Not, mind you, that it’s an Apple thing. No. At least, not just an Apple thing. It’s a convenience thing.
Have you ever thought it was weird that you could get a virus just by openeing an e-mail? Once upon a time it wasn’t possible. Once upon a time a person who suggested opening an e-mail would give you a virus was laughed at and scorned by people who knew better. Because, back then, e-mails were just text. Getting a virus reading an email would have been like opening a word processor document and getting a virus. Laughable.
And then Microsoft made it possible. They did this because they wanted (to simplify the whole thing) to make programs be able to inter-operate and pass data back and forth. Like, embedding an Excel spreadsheet into the e-mail so you could see it just by reading it. Or putting it into a Word document. Whatever. It was done to make things easier which, in turn, made it possible to have Word macro virus’ infect just about everything. Because they had the power to do just about everything.
So there’s your price for convenience. Things are a lot better now, though. I guess.
It still leaves me with the question, “How do I get what I was writing back into a blog post without killing Blogo again?” Well, I suppose I could re-type it. But I won’t. I might be able to use a different text editor and save it as plain ASCII. This is something I know I can do with Windows, but I’m not too sure about OS X. The big problem I face now is that Blogo has nothing in place to continue working if it happens upon a corrupted file when it’s loading up so even by experimenting I risk getting to a point where Blogo won’t start again. And there’s only going to be so many times I’ll do that before I give up on it.
I managed it. Just like I always do. So this is what I wrote that killed Blogo. Since I went through so much trouble to recover it I’ll include it here. So you’ll read it. And you’ll enjoy it.
I’m not a big fan of metrics. I understand why they’re used, of course, I just don’t believe that all things can be measured in numbers. Not whole numbers, anyway.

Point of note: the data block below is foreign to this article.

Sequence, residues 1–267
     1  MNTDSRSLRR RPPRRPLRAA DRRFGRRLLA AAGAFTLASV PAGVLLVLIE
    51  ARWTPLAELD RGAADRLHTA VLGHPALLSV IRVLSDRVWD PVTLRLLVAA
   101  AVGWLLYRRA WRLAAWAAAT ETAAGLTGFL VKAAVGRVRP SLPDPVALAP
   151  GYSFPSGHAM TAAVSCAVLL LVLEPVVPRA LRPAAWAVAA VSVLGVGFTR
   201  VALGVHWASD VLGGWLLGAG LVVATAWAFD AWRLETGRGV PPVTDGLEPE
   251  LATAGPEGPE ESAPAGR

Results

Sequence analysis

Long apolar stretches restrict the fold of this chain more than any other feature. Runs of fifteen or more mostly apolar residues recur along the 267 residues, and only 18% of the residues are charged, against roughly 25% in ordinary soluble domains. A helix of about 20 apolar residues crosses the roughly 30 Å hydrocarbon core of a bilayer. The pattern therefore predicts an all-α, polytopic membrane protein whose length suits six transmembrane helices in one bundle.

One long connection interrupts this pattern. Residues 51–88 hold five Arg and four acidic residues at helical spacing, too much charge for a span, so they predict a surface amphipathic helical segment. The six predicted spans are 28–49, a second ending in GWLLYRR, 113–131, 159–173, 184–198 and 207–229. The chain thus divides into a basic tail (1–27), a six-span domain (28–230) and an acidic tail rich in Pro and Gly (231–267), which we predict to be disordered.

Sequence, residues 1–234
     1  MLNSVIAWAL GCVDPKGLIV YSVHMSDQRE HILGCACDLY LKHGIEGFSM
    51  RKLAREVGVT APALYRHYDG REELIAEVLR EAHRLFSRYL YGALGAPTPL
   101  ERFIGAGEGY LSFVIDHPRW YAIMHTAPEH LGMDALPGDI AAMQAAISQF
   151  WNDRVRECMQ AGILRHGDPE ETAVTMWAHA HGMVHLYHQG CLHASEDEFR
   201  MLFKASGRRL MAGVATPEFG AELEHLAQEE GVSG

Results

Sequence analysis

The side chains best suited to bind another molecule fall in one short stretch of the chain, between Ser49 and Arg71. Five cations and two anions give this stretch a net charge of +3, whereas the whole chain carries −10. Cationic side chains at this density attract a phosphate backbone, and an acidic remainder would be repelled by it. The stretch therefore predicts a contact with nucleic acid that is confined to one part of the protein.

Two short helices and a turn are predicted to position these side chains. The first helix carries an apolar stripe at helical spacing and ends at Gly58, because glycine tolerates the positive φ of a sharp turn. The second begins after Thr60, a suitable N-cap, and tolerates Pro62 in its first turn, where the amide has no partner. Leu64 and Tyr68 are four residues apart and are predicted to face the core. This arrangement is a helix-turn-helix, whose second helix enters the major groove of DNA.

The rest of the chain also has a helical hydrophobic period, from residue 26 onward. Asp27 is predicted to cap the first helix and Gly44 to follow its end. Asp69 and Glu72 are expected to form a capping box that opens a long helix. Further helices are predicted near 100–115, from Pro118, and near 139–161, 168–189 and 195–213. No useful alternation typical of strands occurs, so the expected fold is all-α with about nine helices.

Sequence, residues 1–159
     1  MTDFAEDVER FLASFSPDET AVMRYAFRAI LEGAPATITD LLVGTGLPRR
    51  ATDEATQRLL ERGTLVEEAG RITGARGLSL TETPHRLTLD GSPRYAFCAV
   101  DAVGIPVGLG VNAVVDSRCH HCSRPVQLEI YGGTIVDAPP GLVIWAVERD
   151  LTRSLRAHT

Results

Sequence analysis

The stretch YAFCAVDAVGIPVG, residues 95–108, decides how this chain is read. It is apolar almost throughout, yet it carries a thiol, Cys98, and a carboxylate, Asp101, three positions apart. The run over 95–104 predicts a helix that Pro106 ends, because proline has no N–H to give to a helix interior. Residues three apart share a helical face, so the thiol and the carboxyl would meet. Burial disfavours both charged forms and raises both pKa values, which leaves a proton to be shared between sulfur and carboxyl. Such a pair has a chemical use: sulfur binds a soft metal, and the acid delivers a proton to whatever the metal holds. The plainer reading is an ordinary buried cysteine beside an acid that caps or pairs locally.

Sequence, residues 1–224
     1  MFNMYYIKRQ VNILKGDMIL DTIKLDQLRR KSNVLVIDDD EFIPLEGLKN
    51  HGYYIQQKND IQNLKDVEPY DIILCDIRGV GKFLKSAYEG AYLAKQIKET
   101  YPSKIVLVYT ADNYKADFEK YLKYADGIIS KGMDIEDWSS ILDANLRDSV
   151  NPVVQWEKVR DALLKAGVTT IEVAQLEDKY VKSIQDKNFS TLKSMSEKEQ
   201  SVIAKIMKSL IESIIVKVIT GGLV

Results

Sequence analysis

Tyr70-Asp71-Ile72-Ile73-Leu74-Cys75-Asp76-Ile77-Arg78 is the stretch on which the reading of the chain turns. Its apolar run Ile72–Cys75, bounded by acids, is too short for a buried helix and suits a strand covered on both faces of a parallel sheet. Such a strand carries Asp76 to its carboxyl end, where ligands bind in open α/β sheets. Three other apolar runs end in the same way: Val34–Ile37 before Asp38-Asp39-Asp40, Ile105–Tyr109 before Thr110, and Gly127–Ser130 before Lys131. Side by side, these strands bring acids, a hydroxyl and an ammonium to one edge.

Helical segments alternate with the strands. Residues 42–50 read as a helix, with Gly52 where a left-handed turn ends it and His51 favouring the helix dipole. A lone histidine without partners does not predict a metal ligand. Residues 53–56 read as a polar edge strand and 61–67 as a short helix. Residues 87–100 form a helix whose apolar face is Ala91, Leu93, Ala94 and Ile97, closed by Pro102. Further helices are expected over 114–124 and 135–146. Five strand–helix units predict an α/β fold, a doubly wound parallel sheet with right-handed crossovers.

This isn’t about the metric system. I have no problem with the metric system. I think the US could have switched over had they done it my way but, as is usual, nobody asked for my opinion on the matter.
My method would have been to just switch everything over instead of trying to gradually introduce it. Let’s be real; most Americans don’t care of some foreign feller has to deal with two systems of weights and measurements when trying to ship stuff over the world. For the most part we don’t care if some American feller has to worry about it. Gallons and pounds has always been good enough for us, it’s good enough for everyone else, too!
But if you were to switch everything overnight people would adapt. I don’t know about other people, but when I go looking for a gallon of milk I don’t read the label to see if it’s a gallon. I just reach for the biggest jug there is. It doesn’t matter to me if it’s a gallon or a liter. Same with the cars. If the needle is getting close to the red ‘E’ then it’s time to fill up. Sort of.
If it were the same price to fill up in liters as it would be in gallons there’d be a problem because then my gas tank would hold something like 60 liters. It sure sounds like a lot of gas, though!
As far as temperature goes, well, that’s pretty subjective even when it’s got numbers attached to it. Sure, water freezes at 0°C (which is pretty straightforward) but what’s the real difference between 0° and 1°? Do we really need anything besides “Freezing!”, “Cold!”, “Nice!”, and “Oh my God, it’s too freaken hot!”? Nope. Never. Except, maybe, for cooking.
Good old Fahrenheit has the edge in cooking, I think. Most things, as near as I can tell, bake at 350°F which sounds a lot nicer than 176.667°C. 350 is easy to remember. When in doubt, always set the oven to three-fiddy. Oven dials are labelled something like “250”, “300”, “350”, “400”, “450”, “500”, “Broil.” How would they look with “121”, “148”, “176”, “204”, “232”, “260”, “Griller”? Silly. That’s how. The only round number is 260 and that’ll give you charcoal if cooked for more than a few minutes.